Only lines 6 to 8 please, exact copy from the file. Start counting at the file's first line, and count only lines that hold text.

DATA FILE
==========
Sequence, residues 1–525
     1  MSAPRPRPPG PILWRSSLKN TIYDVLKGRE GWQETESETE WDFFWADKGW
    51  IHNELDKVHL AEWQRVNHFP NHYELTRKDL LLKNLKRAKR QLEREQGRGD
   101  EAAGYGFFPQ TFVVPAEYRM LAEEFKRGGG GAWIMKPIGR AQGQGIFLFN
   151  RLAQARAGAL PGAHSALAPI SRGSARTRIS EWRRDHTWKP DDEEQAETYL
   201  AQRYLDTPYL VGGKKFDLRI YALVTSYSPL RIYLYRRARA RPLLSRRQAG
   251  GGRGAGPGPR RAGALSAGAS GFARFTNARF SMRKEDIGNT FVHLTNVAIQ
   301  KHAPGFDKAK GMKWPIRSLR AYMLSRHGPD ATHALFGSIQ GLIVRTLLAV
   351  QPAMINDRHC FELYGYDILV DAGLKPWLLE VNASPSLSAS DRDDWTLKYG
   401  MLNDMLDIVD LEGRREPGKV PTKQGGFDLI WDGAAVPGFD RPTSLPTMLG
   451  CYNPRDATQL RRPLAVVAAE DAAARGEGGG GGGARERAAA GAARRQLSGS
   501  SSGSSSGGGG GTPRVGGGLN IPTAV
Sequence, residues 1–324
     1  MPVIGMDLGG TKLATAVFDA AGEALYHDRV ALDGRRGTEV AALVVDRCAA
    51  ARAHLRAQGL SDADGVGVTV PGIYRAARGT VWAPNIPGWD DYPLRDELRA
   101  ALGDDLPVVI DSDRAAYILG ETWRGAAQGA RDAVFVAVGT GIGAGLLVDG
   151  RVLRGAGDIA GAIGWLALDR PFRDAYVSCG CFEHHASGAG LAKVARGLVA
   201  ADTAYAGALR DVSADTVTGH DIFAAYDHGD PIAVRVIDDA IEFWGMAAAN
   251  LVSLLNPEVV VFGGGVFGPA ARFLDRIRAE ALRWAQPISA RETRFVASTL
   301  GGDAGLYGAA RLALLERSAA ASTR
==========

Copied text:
   201  AQRYLDTPYL VGGKKFDLRI YALVTSYSPL RIYLYRRARA RPLLSRRQAG
   251  GGRGAGPGPR RAGALSAGAS GFARFTNARF SMRKEDIGNT FVHLTNVAIQ
   301  KHAPGFDKAK GMKWPIRSLR AYMLSRHGPD ATHALFGSIQ GLIVRTLLAV